Friday, March 29, 2013

Welcome to America, Champ! by Catherine Stier, illustrated by Doris Ettlinger

Once the United States entered WWII, the inevitable was bound to happen - American G.I.s who were stationed in England before deploying to combat areas would meet, date and fall in love with English girls.  And sometimes they got married.  Welcome to America, Champ! is the story of this very thing and what happens next, all told from the point of view of a young boy named Thomas.

Thomas begins his story in 1944, telling us about his mother marrying Jack Ricker, a US serviceman stationed in England.  It is one of the few happy occasions during Thomas's experience of war.  Before Jack, things were pretty sad for Thomas and his family, even though their village hadn't been bombed like other places in England.  His mother friends all put together their rations to make a cake for the bride and groom and there is lots of dancing at the small reception, but Thomas has lots of questions for his new dad about some day living in America, which his dad is happy to answer.  And he promises to teach Thomas how to play baseball with a stick once they are all together in the US.

But soon after Jack is sent off to war.  And eventually Thomas has a new baby brother named Ronnie.

One day, the church bells start ringing all over England to announce that the war is finally over.  But Jack is sent directly back to the states, with no time to visit his wife and sons.  The family waits until the finally get a letter from the army - be ready to sail to America in two weeks.

Sailing to America
Pretty soon, Thomas, Ronnie and their mom are on the Queen Mary, sailing across the Atlantic to a
a new life.  Excited but apprehensive, Thomas reads the answers his dad had given him to all his questions over and over again to reassure himself that things will be work out.  And he spends lots time exploring the ship with his new friend Lucy, who is going to America for the same reason as Thomas.  Thomas and Lucy are both still rather homesick and anxious, but when they finally see the Statue of Liberty early one morning, Lucy's homesickness get the better of her and she begins to cry.

But maybe Thomas has just the thing to help Lucy with her fears and to help himself at the same time.

Welcome to America, Champ! is one of those very well written, well done picture books for older readers that are being published more and more lately.  I think these are perfect classroom books and offer a way of introducing different historical events to kids in first, second and third grades without overwhelming them with facts and figures.

I personally found this book to be very interesting for two reasons: first, because my best friend's grandmother was a war bride from England and because my dad had also immigrated here from Wales.  We both used love listening to their stories about leaving Britain and coming here.  And Welcome to America, Champ! is, after all, a story about immigrating to a new country and what that means to a child - getting to know a new dad, a new school, new friends, new way of life at the same time as leaving behind your old home, old friends, old school and your family.  Thomas's apprehension about these issues makes this a perfect read aloud for any child who is about to or has just dealt with a an event that has changed their lives.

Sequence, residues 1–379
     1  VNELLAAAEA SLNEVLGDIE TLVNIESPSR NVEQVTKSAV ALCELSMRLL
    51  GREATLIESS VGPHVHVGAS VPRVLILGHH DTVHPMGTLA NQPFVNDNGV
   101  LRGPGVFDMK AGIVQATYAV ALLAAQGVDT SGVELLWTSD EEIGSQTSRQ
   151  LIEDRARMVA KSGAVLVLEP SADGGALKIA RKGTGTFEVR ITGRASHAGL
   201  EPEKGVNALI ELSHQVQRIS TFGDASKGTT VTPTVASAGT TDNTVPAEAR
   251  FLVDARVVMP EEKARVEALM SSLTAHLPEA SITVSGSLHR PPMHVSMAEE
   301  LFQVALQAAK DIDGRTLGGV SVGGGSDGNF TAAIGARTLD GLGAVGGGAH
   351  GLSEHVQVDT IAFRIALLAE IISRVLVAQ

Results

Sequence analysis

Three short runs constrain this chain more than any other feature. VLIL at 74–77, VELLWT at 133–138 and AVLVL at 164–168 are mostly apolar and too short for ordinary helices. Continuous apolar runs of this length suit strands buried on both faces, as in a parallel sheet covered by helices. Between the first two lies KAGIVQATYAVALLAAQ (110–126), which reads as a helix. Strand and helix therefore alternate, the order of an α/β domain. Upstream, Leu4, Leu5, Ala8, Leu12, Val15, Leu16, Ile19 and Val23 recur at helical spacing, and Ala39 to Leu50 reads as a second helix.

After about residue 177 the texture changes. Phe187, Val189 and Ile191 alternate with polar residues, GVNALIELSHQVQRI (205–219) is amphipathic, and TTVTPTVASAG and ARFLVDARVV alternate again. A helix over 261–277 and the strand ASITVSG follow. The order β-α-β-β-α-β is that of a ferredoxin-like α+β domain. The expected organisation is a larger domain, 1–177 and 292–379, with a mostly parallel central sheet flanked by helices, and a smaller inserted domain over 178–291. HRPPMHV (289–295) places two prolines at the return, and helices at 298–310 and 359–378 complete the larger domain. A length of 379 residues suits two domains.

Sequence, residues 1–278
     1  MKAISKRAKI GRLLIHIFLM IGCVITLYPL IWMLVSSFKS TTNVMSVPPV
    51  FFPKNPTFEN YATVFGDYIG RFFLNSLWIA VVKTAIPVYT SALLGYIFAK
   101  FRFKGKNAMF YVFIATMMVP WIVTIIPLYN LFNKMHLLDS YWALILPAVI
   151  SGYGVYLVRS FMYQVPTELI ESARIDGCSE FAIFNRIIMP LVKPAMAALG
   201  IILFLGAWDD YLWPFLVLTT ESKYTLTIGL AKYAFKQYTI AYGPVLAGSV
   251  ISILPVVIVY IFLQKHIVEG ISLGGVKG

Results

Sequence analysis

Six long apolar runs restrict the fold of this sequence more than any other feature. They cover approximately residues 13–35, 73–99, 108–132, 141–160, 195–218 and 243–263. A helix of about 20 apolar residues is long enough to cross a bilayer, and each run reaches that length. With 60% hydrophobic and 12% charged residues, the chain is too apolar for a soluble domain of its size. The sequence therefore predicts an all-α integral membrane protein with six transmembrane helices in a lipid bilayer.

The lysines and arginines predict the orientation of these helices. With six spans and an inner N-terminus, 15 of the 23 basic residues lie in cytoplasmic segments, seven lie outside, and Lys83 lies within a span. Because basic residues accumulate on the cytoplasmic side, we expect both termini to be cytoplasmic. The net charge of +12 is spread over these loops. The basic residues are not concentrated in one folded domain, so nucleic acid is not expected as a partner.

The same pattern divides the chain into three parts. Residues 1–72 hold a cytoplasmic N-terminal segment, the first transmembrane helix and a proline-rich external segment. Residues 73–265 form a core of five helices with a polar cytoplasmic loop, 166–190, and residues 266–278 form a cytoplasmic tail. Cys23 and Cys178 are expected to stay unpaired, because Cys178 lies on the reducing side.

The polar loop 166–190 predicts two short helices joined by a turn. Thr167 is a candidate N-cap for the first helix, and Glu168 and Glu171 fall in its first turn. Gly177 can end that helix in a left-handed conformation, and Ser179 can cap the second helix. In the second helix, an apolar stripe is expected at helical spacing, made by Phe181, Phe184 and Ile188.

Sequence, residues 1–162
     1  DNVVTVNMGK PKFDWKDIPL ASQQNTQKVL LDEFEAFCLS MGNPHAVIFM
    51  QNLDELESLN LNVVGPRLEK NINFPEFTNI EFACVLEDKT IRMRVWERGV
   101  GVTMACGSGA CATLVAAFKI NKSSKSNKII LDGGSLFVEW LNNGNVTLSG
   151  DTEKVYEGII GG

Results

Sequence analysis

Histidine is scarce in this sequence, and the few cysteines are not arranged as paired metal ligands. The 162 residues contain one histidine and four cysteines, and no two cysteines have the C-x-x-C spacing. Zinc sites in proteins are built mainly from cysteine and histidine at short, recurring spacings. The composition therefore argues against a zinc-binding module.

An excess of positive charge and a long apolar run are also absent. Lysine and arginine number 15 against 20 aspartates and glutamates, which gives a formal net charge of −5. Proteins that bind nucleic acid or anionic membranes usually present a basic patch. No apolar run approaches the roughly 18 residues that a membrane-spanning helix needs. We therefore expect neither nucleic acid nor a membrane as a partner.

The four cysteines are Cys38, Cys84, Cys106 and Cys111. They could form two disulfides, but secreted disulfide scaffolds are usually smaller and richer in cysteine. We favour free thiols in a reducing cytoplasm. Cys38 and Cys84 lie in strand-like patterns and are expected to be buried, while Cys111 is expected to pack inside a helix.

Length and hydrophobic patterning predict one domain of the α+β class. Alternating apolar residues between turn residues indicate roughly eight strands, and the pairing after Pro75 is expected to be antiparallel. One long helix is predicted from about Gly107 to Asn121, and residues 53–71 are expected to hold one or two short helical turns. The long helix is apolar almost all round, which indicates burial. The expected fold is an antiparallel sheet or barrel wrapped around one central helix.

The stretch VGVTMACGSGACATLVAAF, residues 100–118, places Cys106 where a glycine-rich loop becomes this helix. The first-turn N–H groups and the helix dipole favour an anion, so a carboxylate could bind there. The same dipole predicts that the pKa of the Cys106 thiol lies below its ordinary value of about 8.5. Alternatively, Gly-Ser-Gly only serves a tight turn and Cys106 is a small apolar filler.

Doris Ettlinger's beautifully rendered realistic watercolor illustrations complement and support this heartwarming story throughout, giving us a real sense of not just of Thomas's life but also his feelings and emotions.

My second reason for finding Welcome to America, Champ! is that I was fortunate enough to have sailed from Southampton to New York on the Queen Mary just before she was retired and I was old enough to remember it.  The Queen Mary was a lovely old ship and being on her was like stepping back in time (or at least that is what my memory tells me).

Queen Mary entering New York harbor
Be sure to read the Author's Note at the end of Welcome to America, Champ! for more information about war brides.

FYI: The Queen Mary, converted from a warship to a floating nursery, arrived in New York Harbor on February 10, 1946 with the first of the war brides and their children, all of whom were greeted by an army band playing Brahms' "Lullabye."  On board were 1,666 brides and 688 children.  What a day that must have been!

This book is recommended for readers age 6+
This book was purchased for my personal library.


  1. Sounds like a wonderful read and an opportunity for kids to learn about effects of war and its relationship to family. I absolutely love the cover art!

    1. Yes, this is a very sweet book about something that isn't often written about. And the art throughout is just wonderful.

  2. Thanks for introducing this, Alex. I know someone who was also a wore bride and tried hard to become a southerner when her husband brought her here.

    This intro comes just in time for the next issue of Talking Story - our theme is The Melting Pot.

    1. Yes, my best friends grandmother never adjusted to life in the US even though she lived here until her death at age 90. My dad loved it here, and never got tired of telling us how lucky we were to live here, but he stil loved Wales as well.

      I will be looking forward to the next Talking Story.